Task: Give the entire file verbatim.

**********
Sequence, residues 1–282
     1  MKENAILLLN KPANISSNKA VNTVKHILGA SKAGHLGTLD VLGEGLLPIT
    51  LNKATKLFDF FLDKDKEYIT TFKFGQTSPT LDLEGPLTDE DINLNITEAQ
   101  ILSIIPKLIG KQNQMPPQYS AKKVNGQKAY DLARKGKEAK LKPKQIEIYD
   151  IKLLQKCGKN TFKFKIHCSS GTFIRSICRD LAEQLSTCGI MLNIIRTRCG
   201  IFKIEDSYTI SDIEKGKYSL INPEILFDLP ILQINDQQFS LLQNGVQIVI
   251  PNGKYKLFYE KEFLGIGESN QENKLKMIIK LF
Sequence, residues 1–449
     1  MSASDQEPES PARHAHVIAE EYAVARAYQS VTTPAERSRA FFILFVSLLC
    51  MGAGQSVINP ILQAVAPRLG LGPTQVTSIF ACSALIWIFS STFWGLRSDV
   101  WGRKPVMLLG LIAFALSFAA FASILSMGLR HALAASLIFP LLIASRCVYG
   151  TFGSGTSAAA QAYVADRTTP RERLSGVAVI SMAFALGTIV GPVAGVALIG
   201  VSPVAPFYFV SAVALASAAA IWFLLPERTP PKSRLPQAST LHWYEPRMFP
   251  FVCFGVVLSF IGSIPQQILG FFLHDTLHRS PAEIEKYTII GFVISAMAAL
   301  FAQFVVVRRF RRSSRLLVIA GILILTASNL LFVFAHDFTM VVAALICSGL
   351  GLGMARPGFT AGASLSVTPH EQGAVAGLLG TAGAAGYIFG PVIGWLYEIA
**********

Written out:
Sequence, residues 1–282
     1  MKENAILLLN KPANISSNKA VNTVKHILGA SKAGHLGTLD VLGEGLLPIT
    51  LNKATKLFDF FLDKDKEYIT TFKFGQTSPT LDLEGPLTDE DINLNITEAQ
   101  ILSIIPKLIG KQNQMPPQYS AKKVNGQKAY DLARKGKEAK LKPKQIEIYD
   151  IKLLQKCGKN TFKFKIHCSS GTFIRSICRD LAEQLSTCGI MLNIIRTRCG
   201  IFKIEDSYTI SDIEKGKYSL INPEILFDLP ILQINDQQFS LLQNGVQIVI
   251  PNGKYKLFYE KEFLGIGESN QENKLKMIIK LF
Sequence, residues 1–449
     1  MSASDQEPES PARHAHVIAE EYAVARAYQS VTTPAERSRA FFILFVSLLC
    51  MGAGQSVINP ILQAVAPRLG LGPTQVTSIF ACSALIWIFS STFWGLRSDV
   101  WGRKPVMLLG LIAFALSFAA FASILSMGLR HALAASLIFP LLIASRCVYG
   151  TFGSGTSAAA QAYVADRTTP RERLSGVAVI SMAFALGTIV GPVAGVALIG
   201  VSPVAPFYFV SAVALASAAA IWFLLPERTP PKSRLPQAST LHWYEPRMFP
   251  FVCFGVVLSF IGSIPQQILG FFLHDTLHRS PAEIEKYTII GFVISAMAAL
   301  FAQFVVVRRF RRSSRLLVIA GILILTASNL LFVFAHDFTM VVAALICSGL
   351  GLGMARPGFT AGASLSVTPH EQGAVAGLLG TAGAAGYIFG PVIGWLYEIA